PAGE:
When my daughter was finishing her senior year and preparing for college, I was surprised by the depth of sadness that flooded me whenever I mentioned that she would be leaving home. I knew it was more extreme than the expected grief that comes with transition. I was feeling sorrow about things ending, with no vision of new beginnings. I made time and space to explore what the idea of leaving meant to me, and to understand what I was feeling. This experience opened a door to face other losses in my life that I had not fully acknowledged.
Grief can be complex. Rarely do we experience a loss as one thing. When we lose a job, we lose income, identity, stability and community. With the death of a partner we lose companionship, identity as a couple, support with daily responsibilities, and intimacy with someone who knew us well. Grief is not always limited to our most recent loss either. A rejection letter from the school of our dreams can stir up deep sadness related to past rejections that we may not have acknowledged. In my case, my daughter’s leaving triggered losses that occurred when, as a young adult, I moved over 800 miles away from my family, especially changes in the relationship with my mother. At an even deeper level, I discovered grief that needed to be processed regarding the sudden death of a loved one when I was 12 years old. At that time I did not have words to express the emotions or the questions. But over thirty years later, as I welcomed my grief, I realized that leaving was associated with not returning. It felt dark and unsettling, something to brace myself for so that I would not feel as much pain. It was a process of sifting through the emotions that were connected to past experiences, feeling the emotions and releasing them. Then I could be present to the emotions that pertained specifically to this transition. By acknowledging the grief that was associated with my daughter’s leaving I was better able to feel appropriate sadness for the changes to come, but also experience joy for her and our changing relationship.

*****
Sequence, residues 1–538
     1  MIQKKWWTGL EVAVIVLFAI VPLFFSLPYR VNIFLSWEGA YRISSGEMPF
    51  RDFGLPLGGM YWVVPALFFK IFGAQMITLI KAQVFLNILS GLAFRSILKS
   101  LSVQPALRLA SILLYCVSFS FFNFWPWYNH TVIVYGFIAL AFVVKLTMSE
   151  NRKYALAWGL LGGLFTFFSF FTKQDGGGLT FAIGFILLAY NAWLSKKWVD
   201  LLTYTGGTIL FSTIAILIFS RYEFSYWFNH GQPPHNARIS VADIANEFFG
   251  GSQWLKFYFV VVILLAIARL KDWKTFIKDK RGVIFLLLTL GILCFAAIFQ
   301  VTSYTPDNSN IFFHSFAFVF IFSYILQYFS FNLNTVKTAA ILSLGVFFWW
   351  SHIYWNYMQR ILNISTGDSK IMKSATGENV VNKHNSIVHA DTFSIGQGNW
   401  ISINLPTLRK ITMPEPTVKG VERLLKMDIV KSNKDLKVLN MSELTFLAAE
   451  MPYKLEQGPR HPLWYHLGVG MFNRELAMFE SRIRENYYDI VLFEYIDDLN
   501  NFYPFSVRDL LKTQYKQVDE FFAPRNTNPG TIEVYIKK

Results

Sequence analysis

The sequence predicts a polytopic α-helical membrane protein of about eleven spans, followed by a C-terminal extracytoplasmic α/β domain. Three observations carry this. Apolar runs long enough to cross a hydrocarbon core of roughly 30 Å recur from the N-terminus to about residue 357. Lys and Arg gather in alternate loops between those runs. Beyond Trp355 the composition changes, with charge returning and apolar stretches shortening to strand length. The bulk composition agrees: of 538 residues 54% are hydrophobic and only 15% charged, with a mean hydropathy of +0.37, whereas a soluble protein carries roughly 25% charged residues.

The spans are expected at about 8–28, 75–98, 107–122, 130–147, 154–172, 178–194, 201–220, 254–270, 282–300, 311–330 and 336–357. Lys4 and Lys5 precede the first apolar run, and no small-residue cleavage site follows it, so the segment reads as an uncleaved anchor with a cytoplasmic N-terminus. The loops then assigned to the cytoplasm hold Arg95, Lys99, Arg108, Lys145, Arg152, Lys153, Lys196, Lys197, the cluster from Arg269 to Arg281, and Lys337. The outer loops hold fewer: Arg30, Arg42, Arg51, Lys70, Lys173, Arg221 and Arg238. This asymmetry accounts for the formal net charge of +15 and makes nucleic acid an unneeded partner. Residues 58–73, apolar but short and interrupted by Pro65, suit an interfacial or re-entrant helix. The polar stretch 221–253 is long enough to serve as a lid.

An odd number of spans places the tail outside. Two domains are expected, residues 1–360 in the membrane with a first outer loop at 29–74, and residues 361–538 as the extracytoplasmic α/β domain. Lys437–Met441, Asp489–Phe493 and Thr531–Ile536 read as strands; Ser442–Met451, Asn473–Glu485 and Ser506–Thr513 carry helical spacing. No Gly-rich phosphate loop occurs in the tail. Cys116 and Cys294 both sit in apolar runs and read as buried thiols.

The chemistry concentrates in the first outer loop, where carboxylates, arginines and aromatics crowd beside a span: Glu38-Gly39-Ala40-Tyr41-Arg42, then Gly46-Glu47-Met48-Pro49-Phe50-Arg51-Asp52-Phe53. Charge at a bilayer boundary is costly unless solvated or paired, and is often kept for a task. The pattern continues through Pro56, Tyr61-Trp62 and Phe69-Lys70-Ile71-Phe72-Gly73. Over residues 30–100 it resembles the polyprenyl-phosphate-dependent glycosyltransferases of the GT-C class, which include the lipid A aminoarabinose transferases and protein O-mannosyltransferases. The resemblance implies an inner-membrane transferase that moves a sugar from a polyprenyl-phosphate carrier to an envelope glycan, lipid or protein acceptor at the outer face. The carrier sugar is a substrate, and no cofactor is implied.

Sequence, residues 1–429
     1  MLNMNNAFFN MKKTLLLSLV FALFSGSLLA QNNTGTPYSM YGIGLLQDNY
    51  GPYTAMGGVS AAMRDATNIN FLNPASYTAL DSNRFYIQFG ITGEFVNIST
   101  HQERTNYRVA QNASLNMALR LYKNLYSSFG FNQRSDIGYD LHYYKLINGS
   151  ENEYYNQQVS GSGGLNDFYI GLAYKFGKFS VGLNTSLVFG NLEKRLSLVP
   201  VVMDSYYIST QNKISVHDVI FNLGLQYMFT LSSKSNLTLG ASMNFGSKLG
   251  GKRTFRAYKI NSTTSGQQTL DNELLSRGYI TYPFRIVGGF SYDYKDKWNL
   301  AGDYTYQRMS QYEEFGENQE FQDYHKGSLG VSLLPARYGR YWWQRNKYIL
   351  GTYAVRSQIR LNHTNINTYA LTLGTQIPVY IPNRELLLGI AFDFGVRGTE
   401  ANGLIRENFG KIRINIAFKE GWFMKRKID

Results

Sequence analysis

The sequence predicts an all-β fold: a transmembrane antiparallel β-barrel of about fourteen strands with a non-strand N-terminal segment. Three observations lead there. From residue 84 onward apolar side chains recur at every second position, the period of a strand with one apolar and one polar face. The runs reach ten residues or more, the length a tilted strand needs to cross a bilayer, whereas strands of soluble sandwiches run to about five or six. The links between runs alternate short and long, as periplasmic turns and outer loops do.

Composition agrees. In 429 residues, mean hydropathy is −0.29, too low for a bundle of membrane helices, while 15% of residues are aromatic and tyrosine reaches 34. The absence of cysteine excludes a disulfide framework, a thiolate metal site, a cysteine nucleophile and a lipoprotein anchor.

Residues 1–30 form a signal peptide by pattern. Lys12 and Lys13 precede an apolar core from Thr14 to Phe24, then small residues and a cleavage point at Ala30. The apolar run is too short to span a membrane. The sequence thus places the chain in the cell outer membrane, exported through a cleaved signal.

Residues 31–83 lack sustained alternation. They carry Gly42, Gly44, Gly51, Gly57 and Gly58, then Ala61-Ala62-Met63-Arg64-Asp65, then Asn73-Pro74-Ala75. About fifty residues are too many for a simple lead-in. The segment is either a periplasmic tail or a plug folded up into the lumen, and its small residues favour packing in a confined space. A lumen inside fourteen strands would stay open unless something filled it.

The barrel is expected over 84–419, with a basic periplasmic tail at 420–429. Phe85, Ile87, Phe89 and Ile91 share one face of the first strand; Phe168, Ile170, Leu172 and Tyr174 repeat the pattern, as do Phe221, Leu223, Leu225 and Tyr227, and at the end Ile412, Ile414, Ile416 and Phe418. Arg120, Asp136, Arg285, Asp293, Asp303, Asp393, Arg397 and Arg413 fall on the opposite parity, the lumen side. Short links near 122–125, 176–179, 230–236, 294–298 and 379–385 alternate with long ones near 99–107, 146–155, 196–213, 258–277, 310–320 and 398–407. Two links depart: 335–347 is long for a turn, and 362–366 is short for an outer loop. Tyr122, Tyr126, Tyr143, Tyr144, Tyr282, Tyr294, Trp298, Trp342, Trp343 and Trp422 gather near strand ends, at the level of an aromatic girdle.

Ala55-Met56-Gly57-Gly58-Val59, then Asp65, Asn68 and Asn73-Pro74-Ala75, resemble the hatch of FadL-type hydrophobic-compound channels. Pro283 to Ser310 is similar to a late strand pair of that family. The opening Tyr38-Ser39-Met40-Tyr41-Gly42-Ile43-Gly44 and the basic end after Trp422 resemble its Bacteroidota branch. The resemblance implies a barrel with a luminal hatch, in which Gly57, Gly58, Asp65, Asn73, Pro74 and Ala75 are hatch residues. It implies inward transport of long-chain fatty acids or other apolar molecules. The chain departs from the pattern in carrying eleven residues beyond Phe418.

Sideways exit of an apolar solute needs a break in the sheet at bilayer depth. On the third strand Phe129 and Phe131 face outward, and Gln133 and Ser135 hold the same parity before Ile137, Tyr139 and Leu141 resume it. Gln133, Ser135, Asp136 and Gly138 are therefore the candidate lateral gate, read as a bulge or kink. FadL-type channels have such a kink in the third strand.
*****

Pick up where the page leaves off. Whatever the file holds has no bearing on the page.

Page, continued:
Understanding the layers to our grief takes time and energy to reflect on our emotions and experiences. Our culture does not value this work. There are unspoken rules about how long one is allowed to grieve before it seems “unhealthy”. We often feel shame in our inability to move on. Most of us learned the 5 stages of grief. Although this is a helpful model, it can give the false impression that we move through the stages step by step and when we are finished, we return to normal. But grief isn’t linear and we don’t return to the place we were before our loss. Instead, we can grow through the process. As we grieve our losses and feel our emotions, we actually discover that life can still be rich and pleasurable. We learn to be more present as we let go of our attempts to control life in order to avoid pain. As we grieve we discover inner resources that we didn’t know we had. We learn to trust that we will be equipped to face the next challenge.
You may avoid entering into grief work because you are afraid of being overwhelmed with the pain associated with losses. Having someone journey with you, with gentleness and understanding, can help relieve fear and isolation. If you would like to speak with someone regarding your own grief, please contact us at The Mansio Center.